This month, the J. Paul Getty Museum (1200 Getty Center Dr., Brentwood, 310-440-7300) welcomes Jackson Pollock’s “Mural” art exhibit and Ansel Adams’ “In Focus: Ansel Adams” photo showcase. Here’s why you need to see both exhibits.
Jackson Pollock's seminal work, Mural, is now on view at the Getty.
1. The main draw is the Getty’s restoration of Jackson Pollock’s famous Mural painting.
Pollock is among the most prominent painters in history, and his monumental Mural is an iconic piece of modern art. Museumgoers can experience the artwork first-hand thanks to the Getty’s meticulous restoration.
2. Mural can only be experienced in person.
Due to its large-scale size and abstract aesthetic, Mural is something that can’t be fully appreciated until it’s viewed first-hand. Take time to revel in the piece’s spectacular mix of colors and curved shapes, which come together to create a sense of movement.
3. Research that discovers new insights about Pollock’s work.
The exhibition is spread across two galleries: one features Mural and the other showcases the Getty’s research and analysis of the artwork. Among the new discoveries is Pollock’s use of a wet-on-wet technique, which supports the myth that he painted the piece in one session.
“In Focus: Ansel Adams”; Tuesday, March 18–Sunday, July 20, 2014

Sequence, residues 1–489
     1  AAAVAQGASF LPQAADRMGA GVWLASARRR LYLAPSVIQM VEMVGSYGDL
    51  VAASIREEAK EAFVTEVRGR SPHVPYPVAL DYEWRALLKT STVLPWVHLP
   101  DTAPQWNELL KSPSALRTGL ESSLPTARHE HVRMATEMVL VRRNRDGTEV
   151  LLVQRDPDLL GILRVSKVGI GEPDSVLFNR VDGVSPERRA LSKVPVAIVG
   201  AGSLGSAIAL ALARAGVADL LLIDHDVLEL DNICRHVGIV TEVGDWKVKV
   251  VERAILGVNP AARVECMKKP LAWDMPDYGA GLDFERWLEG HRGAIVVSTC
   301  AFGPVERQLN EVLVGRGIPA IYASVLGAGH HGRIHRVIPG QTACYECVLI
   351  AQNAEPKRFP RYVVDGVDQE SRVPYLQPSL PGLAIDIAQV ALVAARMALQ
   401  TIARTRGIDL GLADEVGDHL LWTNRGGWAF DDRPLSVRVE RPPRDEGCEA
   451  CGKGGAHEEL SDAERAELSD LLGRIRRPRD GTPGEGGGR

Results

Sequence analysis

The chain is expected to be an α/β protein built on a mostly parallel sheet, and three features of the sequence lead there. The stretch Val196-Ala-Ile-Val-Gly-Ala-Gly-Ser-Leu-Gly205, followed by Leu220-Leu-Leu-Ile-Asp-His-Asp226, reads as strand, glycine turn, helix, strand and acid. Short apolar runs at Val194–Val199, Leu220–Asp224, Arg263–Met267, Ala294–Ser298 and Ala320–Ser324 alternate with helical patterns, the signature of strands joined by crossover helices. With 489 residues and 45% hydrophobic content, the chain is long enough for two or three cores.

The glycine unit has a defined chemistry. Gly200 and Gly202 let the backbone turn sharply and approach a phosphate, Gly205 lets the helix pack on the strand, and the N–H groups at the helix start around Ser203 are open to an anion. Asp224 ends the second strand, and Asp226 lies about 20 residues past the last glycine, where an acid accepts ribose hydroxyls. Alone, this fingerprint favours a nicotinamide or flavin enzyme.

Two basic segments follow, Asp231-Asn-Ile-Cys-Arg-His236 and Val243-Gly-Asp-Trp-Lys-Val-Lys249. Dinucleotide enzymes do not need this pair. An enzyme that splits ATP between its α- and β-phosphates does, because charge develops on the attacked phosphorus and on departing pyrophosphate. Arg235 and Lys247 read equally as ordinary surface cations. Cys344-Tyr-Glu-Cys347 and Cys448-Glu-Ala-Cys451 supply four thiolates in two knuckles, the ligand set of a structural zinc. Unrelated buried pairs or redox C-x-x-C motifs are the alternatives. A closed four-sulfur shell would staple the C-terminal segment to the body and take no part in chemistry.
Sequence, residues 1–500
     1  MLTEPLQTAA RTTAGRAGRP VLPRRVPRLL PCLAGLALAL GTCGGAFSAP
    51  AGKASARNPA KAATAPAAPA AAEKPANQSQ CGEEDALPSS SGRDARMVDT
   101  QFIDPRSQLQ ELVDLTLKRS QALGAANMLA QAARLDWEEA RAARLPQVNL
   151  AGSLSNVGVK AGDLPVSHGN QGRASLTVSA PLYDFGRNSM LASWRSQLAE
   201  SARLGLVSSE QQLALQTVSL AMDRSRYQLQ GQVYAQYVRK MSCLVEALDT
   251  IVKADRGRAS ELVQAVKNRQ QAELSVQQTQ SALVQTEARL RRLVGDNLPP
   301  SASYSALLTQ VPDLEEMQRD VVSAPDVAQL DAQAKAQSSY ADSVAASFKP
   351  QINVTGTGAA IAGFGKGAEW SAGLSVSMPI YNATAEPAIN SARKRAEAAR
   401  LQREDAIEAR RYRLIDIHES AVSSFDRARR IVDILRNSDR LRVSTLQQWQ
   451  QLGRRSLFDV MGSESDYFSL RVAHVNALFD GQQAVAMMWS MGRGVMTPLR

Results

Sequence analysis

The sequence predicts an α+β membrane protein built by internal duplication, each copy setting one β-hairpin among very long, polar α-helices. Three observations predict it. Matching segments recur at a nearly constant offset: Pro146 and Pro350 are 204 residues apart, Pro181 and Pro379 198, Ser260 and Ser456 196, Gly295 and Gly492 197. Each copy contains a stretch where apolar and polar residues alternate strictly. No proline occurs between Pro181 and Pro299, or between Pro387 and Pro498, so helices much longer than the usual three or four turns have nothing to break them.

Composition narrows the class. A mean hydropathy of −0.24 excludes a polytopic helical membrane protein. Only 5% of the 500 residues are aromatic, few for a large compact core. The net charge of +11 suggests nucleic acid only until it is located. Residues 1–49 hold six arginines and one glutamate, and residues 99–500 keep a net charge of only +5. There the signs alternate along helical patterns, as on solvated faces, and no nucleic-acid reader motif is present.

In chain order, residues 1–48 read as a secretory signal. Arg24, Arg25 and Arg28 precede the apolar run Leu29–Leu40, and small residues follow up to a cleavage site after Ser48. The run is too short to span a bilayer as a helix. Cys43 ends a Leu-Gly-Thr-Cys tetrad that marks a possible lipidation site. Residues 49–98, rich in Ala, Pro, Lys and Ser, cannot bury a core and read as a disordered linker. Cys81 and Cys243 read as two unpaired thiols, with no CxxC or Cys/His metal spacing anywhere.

Mt. Williamson, Sierra Nevada, from Manzanar, California, by Ansel Adams. Negative 1944; print 1981.
1. This is the first appearance of Ansel Adams artwork at the Getty.
This exhibition is the first time Adams’ internationally recognized landscape photographs will be showcased at the Getty Museum. The showcase also honors Adams on the 30th anniversary of his passing.
2. Adams himself curated a collection of his best work.
The Getty Museum’s recent acquisition of Ansel Adams’ Museum Set was the inspiration for the exhibition. The collection offers an entirely new understanding of his work, since it was personally curated by Adams at the end of his career and includes only the images he considered his absolute best.
3. Museumgoers can see how Adams grew as an artist.
Featured alongside the Museum Set, guests will also discover some of Adams’ earlier works. The juxtaposition of the two sets of photographs gives guests the opportunity to see how his distinct photography style evolved throughout his career.
PHOTOGRAPHY COURTESY THE J. PAUL GETTY MUSEUM, LOS ANGELES, GIFT OF CAROL VERNON AND ROBERT TURBIN IN MEMORY OF MARJORIE AND LEONARD VERNON (ADAMS)